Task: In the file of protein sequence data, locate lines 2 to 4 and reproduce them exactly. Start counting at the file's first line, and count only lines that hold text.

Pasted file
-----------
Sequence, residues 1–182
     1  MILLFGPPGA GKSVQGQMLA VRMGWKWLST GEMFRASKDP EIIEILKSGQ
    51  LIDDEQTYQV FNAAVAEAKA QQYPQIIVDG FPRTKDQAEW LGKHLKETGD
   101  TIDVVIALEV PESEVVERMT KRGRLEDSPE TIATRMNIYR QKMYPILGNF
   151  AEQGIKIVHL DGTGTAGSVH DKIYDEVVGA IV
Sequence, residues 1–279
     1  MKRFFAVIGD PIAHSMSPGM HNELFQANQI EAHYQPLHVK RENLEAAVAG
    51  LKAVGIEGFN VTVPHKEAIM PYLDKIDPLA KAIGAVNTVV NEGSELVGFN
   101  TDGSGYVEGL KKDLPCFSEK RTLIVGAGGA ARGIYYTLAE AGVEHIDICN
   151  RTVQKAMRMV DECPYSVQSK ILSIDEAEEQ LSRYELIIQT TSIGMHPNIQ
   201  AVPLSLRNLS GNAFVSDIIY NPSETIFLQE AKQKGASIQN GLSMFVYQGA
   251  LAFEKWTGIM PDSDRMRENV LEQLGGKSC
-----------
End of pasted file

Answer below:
     1  MILLFGPPGA GKSVQGQMLA VRMGWKWLST GEMFRASKDP EIIEILKSGQ
    51  LIDDEQTYQV FNAAVAEAKA QQYPQIIVDG FPRTKDQAEW LGKHLKETGD
   101  TIDVVIALEV PESEVVERMT KRGRLEDSPE TIATRMNIYR QKMYPILGNF